It used to be easy: knowing what to wear to a wedding. If it were in the afternoon, you wore one thing. If it were in the evening, that meant something else. But what about today? If the wedding is not in a church (but in a park or a restaurant or a public space), what do you wear? If it’s the second or third wedding, does that factor into it? If it’s a commitment service or a Holy Union, and the expectations are different, what do you wear?
Imagery of feasts and banquets runs throughout scripture. Then, as now, what one wears to a banquet matters. But in biblical wedding feasts, one didn’t just get party favors, one was often given a new garment to wear. For a guest NOT to have the right wedding garment on really meant something. It meant that one was for some reason refusing the hospitality of the host. It meant not only a breach in etiquette, but it could easily be understood as an insult, a refusing of generosity, a vulgar assertion of pride.
In today’s Gospel, Matthew understands that his Christian community has problems. They struggle with a number of questions. How is it that we’re so small, they ask. Why aren’t more people believers? How do we continue without a temple? How do we live as outcasts from the religious establishment?
We have our own questions: As so many of us travel, what are the risks in terms of terrorism or in terms of disease? What is the stock market going to do next week? How is our family going to make ends meet? How is our church going to meet the expectations and hopes for its budget next year? As we approach elections in a few weeks, what direction will our community and our country take?
To the people of Matthew’s community and to us, Jesus tells us to focus on the kingdom of God. Focus on the kingdom—that place, that day, that way of seeing that is far off in the future, but also has already begun to unfold even in our midst.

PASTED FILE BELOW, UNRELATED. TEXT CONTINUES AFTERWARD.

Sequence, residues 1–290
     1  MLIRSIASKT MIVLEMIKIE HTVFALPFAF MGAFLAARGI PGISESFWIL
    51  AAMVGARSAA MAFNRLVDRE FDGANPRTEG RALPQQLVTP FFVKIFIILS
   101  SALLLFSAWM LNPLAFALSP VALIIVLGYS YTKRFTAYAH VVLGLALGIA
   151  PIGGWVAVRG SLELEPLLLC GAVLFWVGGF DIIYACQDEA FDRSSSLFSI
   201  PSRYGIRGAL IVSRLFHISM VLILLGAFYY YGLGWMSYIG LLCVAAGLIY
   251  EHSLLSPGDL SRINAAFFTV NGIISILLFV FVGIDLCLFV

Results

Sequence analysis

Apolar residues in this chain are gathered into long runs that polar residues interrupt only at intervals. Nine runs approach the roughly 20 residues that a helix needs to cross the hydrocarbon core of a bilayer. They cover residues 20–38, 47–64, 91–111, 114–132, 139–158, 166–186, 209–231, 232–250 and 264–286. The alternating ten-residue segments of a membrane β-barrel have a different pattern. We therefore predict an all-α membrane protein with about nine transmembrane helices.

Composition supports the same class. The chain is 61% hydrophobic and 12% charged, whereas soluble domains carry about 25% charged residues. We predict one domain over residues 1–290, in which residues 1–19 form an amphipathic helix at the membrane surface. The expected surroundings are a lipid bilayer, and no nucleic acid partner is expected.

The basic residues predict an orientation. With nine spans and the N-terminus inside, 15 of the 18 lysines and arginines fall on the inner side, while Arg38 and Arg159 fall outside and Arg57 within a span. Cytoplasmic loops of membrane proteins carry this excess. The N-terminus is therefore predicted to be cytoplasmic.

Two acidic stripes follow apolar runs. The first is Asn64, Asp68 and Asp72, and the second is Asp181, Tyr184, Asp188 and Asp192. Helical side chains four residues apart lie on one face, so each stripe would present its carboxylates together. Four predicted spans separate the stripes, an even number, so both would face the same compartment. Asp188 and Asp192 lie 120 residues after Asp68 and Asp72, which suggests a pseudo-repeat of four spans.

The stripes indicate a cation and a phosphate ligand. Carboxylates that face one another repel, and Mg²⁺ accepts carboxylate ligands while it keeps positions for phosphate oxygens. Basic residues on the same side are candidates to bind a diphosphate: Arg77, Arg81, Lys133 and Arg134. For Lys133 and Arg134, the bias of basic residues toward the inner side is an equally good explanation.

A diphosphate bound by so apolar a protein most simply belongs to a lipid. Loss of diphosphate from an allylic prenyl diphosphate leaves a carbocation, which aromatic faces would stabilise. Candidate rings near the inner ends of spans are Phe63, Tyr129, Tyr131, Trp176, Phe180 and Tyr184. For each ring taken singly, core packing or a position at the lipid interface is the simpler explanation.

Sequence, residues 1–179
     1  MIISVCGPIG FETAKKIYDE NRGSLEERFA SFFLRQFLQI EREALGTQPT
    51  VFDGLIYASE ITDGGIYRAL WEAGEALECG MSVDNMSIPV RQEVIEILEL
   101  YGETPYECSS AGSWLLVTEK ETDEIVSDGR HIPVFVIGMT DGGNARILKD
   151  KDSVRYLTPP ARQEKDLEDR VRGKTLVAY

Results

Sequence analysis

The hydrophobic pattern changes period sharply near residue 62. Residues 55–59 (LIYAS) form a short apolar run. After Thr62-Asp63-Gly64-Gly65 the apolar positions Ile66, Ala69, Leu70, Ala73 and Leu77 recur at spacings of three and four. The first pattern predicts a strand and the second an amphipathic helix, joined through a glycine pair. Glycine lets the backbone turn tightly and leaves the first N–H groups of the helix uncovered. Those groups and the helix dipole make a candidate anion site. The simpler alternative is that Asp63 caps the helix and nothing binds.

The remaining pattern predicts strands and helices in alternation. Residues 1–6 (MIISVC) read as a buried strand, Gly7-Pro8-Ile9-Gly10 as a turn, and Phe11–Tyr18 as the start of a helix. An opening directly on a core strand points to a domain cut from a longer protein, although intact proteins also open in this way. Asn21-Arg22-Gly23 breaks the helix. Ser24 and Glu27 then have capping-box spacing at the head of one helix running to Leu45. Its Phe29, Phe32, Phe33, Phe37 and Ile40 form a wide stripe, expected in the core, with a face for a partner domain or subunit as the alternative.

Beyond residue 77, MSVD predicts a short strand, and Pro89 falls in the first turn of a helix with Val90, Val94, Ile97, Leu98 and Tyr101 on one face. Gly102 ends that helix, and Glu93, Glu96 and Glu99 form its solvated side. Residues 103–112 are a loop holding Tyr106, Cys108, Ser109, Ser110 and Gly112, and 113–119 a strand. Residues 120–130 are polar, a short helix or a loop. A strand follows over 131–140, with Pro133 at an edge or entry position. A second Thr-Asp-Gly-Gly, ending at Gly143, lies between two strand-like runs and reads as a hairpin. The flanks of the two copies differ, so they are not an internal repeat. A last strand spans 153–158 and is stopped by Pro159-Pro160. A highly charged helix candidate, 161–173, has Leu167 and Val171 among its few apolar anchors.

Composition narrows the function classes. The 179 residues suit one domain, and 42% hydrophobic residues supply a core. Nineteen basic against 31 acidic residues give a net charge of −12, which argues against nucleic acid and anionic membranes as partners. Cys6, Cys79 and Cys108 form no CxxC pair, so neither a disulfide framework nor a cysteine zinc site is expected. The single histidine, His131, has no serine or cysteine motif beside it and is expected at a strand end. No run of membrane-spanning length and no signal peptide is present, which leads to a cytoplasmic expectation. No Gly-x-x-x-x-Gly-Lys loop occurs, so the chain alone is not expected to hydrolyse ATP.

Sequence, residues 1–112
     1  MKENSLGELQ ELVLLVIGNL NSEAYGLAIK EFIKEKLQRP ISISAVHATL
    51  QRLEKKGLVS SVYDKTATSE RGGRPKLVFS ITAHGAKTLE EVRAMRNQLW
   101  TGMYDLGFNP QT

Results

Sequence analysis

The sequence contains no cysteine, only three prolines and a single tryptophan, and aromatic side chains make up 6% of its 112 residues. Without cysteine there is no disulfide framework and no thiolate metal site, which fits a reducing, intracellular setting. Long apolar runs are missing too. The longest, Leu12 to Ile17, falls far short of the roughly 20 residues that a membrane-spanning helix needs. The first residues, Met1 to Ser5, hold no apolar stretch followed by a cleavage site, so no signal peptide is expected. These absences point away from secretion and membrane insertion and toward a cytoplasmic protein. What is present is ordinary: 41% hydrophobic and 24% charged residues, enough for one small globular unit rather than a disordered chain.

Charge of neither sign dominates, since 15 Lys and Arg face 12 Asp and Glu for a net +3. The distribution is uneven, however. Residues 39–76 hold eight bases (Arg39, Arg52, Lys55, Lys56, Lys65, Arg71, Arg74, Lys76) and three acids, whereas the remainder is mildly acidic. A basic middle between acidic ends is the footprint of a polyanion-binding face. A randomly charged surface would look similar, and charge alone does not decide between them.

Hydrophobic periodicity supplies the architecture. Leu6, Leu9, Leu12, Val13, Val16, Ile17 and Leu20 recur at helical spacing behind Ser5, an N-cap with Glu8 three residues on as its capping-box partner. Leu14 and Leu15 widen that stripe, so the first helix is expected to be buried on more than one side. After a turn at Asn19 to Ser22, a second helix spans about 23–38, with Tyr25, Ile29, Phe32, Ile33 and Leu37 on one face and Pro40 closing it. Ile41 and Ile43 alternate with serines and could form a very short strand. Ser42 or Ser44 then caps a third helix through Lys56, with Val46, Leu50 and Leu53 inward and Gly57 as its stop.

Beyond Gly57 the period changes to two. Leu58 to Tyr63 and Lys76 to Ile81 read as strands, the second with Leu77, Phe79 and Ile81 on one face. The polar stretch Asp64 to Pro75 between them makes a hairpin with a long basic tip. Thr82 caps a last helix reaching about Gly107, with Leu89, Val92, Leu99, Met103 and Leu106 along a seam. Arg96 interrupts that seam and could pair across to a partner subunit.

Jesus says the kingdom of God is like a king who gave a marriage feast. He sent out a first wave of invitations, but a lot of those people couldn’t be bothered. Then he sent out another wave of invitations, and some of those people not only ignored the invitation, but abused the servants and even killed them. [You begin to see language that Matthew’s community of young Christians would have found very familiar.] Finally, the king says, “ok, then invite everyone. Throw open the doors, put the food on the table, tap all the kegs and invite as many as you can find.”
It’s a wonderful image. It’s an image echoed in our first reading where God is indeed the “Lord of hosts” —presiding over a feast for all people, a “feast of fat things, a feast of wine on the lees (rich, flavorful wine). And such a Lord of hosts not only makes sure everyone has enough to eat, God watches over each guest, caring for each one.
Feasting that brings together both the bad and the good. Feasting that draws in people no matter what their background, no matter what their nationality, no matter what their intelligence or qualifications or talents.
In today’s Gospel, the problem is not that the wrong person got in. Everyone was invited. But the person refuses to wear his wedding garment. And the king shows no mercy. Here again, we see that Jesus is talking about much more than simply a wedding feast.
This is perhaps the wedding feast of all feasts, the feast at the end of time, the marriage of Christ with the Church, that feast referred to in Revelation as the “supper of the Lamb.”
He is “bound hand and foot, cast into outer darkness, where people will weep and gnash their teeth.” Jesus says, “Many are called but few are chosen.” But in effect, isn’t he actually saying, “Many are called but few choose to remain?” Much is offered, but few choose to accept. Remember that all are invited. All. The choosing is ours, whether to accept the invitation, enjoy the feast or go on in a different direction. Jesus knew what we know by experience, that no matter how lavish the feast, how extraordinary the food, how splendid the company, there will be those who accept the invitation, walk in, and then sort of look around bored, and decide, “hmmm, you know, I’m really not all that hungry….”